MAJ Smith’s defense of detailed planning doesn’t stand up to empirical scrutiny. Thick orders and elaborate SOPs haven’t eliminated costly, stupid mistakes. Consider two of the most heavily regulated activities on the modern battlefield — air strikes and detainee operations. Air strikes have killed civilians and ground troops have abused detainees, even when the SOPs regulating these activities ran to several hundred pages. Each crime and blunder adds another chapter to the tome, but none of it seems to matter. Leaders prone to crimes and blunders are not dissuaded by elaborate checklists or sternly worded prose.
Yet the production of highly prescriptive orders and SOPs, what Germans call Befehlstaktik, continues unabated; why? The primary purpose of detailed orders is not battlefield success, but rather the protection of field-grade and flag officer careers. In ten years of war, no Army general has relieved a fellow flag officer for battlefield failure. Why so many failures and so little accountability? When a small unit gets in trouble, senior commanders find cover in SOPs thick enough to stop an OER bullet. (I told the troops not to beat detainees; it’s right here on page 11.) Rather than preventing battlefield failure, detailed planning often enables it. Senior officers can survive almost any debacle so long as there’s a FRAGO and a captain between them and the problem.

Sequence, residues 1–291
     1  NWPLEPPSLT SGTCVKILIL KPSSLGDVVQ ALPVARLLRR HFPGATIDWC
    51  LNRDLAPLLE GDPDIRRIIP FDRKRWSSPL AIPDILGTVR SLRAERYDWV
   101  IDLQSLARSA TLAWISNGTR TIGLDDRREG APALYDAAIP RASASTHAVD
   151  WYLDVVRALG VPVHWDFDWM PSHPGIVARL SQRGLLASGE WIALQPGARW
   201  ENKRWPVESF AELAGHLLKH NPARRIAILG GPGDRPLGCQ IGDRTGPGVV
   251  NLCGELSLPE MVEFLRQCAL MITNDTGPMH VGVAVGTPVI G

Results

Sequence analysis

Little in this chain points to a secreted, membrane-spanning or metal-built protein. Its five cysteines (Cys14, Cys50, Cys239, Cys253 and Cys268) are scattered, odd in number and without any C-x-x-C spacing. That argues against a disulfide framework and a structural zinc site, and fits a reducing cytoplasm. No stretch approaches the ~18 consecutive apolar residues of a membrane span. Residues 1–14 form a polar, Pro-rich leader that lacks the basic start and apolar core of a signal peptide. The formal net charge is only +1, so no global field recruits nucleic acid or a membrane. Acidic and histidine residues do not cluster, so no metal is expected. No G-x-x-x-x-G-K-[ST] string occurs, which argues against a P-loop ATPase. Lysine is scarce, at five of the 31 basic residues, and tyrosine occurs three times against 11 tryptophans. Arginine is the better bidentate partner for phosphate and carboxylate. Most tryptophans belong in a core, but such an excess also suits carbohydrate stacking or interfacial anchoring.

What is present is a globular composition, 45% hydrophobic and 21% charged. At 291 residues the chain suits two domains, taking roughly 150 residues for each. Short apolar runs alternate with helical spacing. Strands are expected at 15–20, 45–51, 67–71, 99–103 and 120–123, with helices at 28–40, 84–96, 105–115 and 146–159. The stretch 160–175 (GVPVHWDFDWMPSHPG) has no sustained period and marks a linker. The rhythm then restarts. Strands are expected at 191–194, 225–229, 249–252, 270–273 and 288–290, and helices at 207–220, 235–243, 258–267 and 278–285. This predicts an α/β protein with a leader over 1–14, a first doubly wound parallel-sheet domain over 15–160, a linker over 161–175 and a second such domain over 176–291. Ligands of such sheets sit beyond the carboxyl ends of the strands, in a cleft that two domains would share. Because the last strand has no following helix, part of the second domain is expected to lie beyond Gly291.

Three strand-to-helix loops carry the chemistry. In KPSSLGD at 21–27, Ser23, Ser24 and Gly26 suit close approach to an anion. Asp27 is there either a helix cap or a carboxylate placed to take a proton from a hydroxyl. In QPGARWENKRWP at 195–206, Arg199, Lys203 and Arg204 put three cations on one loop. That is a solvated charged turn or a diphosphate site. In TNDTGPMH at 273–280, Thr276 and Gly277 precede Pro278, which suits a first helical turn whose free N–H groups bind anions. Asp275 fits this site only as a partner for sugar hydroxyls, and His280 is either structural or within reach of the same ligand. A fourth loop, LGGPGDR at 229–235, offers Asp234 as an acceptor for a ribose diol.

Detailed planning can be useful in understanding problems, anticipating opportunities and risks and synchronizing activities. Prescriptive orders and SOPs have their place in performing routine mechanical tasks. However, these techniques are often counterproductive in the fog and friction of combat. Modern combat requires junior leaders capable of exercising judgment and initiative, and senior officers capable of fostering these qualities. It requires junior leaders capable of acting on commander’s intent, and senior officers capable of clearly expressing their intent. It requires junior leaders capable of taking prudent risks, and senior officers willing to underwrite and reward risk-taking. Far from prohibiting mission command, the conditions of modern combat demand it.
Most importantly of all, Auftragstaktik demands accountability for results rather than adherence to procedures. Some will succeed and advance, while others will fail and find employment elsewhere. These outcomes have little to do with time in grade, PME or the complexities of the modern battlefield. Senior officers who wish to exercise mission command shouldn’t wait for favorable conditions; they should create them.
Paul L. Yingling is a colonel in the U.S. Army and a professor of security studies at the George C. Marshall European Center for Security Studies. The views expressed in this article are those of the author and do not reflect the official policy or position of the George C. Marshall European Center for Security Studies, the Department of Defense, the U.S. Government or St. Jude.